Thursday, May 19, 2011

Oh, My

Son # 2 has long out-grown the decorative scheme in his bedroom, not to mention the bed itself.  I used to do stenciling, hand-painted backgrounds, murals, and faux-finished walls all over the house.  When Son #1 used to have this same bedroom, he was utterly fascinated by cars, trucks, motorcycles - anything with wheels.  When we moved him up to a toddler bed, I completely re-did his room in the aforementioned vehicular fashion.  With a twist.

The cars were stenciled (obviously) using acrylic paints, by my son's request (very, very specific request).  Little details like the steering wheels & highlights were added freehand.  The background, however, was done completely freehand, using the children's classic, The Little Engine That Could, as inspiration.  What you can't see is the meadow, complete with flower covered hillsides.  If you look very carefully, you can see the soft, textured clouds in the "sky" above the town that I slaved over for about three days.  Promptly after I finished the entire room, the husband decided it would be a good idea to repaint the ceiling as well.  And then wiped the extra paint off of the brush, onto both the hillside and the sky areas.  With a different color of white.

Gee, thanks.

Just to give you a rough idea of how far behind on projects I am - this room was originally painted when Son #1 was moving up from the crib to his toddler bed.

He is now 19.

Son #2 inherited this room when he was born and we moved Son #1 across the hall into the recently vacated roommate's old room.  Since Son #2 is now nearly 16, it is high time for a makeover.  We've been discussing colors and arguing about his choice of deep purple (love the color but I'm shuddering over the possibility of having to paint over that again at some point).  We settled on green as the wall color with the dark purple as a trim color (like maybe a stripe toward the ceiling).  I happened to stumble on a fabulous site today and it totally got the creative juices flowing - Cutting Edge Stencils -and I'm trying to talk him into letting me do this on his walls:
Bedroom: Modern Stencils

In colors to match his scheme, anyway.  The jury is still out on that one.  I really like it.

I'm still drooling over this site, though.  And trying to figure out how I can duplicate this on my vaulted family room ceiling:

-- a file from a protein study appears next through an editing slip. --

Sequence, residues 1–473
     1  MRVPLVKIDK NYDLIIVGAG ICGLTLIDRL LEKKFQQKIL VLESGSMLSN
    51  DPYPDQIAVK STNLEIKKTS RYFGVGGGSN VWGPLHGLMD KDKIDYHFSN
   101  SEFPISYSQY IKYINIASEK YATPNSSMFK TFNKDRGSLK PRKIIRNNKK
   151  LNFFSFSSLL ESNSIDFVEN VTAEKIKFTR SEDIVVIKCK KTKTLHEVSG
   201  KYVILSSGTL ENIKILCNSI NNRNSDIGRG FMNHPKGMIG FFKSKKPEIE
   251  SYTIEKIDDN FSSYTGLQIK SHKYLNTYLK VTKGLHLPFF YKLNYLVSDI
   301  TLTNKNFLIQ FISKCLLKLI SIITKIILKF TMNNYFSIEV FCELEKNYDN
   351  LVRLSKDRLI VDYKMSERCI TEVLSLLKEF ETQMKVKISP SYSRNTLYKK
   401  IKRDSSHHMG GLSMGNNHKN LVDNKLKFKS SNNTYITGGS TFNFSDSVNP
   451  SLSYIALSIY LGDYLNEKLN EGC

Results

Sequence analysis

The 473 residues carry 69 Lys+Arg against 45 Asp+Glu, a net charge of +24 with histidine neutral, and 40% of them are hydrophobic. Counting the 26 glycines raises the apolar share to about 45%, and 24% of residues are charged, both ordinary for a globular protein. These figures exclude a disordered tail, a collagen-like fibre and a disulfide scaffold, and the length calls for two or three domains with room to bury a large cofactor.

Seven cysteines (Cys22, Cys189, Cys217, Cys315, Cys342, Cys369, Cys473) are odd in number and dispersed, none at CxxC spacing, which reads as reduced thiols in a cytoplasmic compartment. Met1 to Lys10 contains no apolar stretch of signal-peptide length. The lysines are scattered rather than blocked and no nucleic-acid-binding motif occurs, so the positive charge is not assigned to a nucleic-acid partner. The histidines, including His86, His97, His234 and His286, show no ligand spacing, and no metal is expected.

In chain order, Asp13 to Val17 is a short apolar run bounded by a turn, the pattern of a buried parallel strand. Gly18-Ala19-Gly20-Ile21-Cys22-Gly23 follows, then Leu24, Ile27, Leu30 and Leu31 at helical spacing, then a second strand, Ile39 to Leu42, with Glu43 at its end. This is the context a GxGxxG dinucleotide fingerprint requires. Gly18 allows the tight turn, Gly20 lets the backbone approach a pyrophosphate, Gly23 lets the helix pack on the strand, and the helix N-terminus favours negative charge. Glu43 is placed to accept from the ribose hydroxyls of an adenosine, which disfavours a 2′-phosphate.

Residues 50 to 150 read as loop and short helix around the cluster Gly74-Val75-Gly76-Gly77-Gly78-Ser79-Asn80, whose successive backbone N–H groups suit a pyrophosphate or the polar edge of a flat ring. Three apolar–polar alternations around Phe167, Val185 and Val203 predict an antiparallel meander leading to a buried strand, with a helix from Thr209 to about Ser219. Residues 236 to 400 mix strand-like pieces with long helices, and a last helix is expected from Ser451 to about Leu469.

Flying Birds Stencils, 3 pc kit

The birds are the only thing in the stencil.  The sky would have to be done by hand.  Part of my ceiling is 8ft high, but the opposite wall vaults to over 14ft with two skylights.

But I Just.  Have.  To.  Do this.

This was the Sewing Assistant's reaction when I showed him what would be going into that room:


Tuesday, May 17, 2011

Sewing as Meditation

We hurry so much and cram so much into our days.  It seems like a bad thing anymore to take the time to slow down and really put some time and thought into whatever we are doing.  As if you might be punished if you are contemplative or mindful.

One of the things I really enjoy about being creative is using my hands.  Sure, the computer helps to get through certain tasks more quickly so you have more time to enjoy other things.  Computerized sewing machines (with matching software for the PC) have revolutionized the home sewing industry for sure.  Some days I feel like my sewing machine is smarter than I am.  But I only truly feel creative when I am holding my work in my hands, whether it be a needle, thread and fabric, or a paintbrush, or an ink-loaded rubber stamp, or paper and glue, or a pen, pencil, or pastel stick.  It is only then that I feel truly connected to my work, to my ideas, to my muse - and to the final product, whatever it may be.

I did get my sewing machine back the same day I took it into the shop, but I had already mentally prepared myself for the possibility of not having it for a couple of days.  I planned to do nothing but hand-sewing.  Since I didn't have to leave the machine overnight for the problem to be corrected, I could have done some other projects, but I just wanted some quiet thing to do instead.

So today was all about handwork.  Nothing fancy, just some hemming.  I do have a blind hemming feature on my machine and could probably have finished all six pair in record time, but I've found over the years that I actually prefer hand hemming - not only because often it looks better (and you can make minor adjustments as you go, which is difficult while speeding along on the machine), but also because it makes me feel connected to past generations.  I always think about my ancestors when hand-sewing; I wonder what it would be like to completely hand sew a garment from start to finish and wonder if I would even have the mind-set to do so.  The majority of our ancestors didn't have a lot of leisure time to sew - with few exceptions, it was an activity of necessity, not of luxury.  And yet, looking at vintage textiles and thinking about the hours and hours of time put into them, you can't help feeling like part of that person is still there - that there is still a voice of sorts that could tell so many stories, if only we knew how to listen to them.

Time seems to be suspended while I'm working with my hands, which doesn't happen with other activities.  I think I need to set aside some meditation time every day.  Somehow, I always forget how accomplished I feel when I'm done, until I pick up a project like this to do.  Of course, if you factor in how much longer it takes to do the job by hand, you don't end up making much for your time.  But sometimes, that's just not the point.

Sunday, May 15, 2011

I Always Knew I Was Different

Oh, heavens.....I've been immortalized in plush!

Eyeleen The Alien cloth doll

No crafty news to report today - sewing machine is still on the fritz (and I may have to dig out the ancient Janome whilst the Viking Husqvarna is in the shop) so all I will be working on will be hand hemming.

Bo-ring.  But sometimes, boring is nice.  Nice, and non-taxing.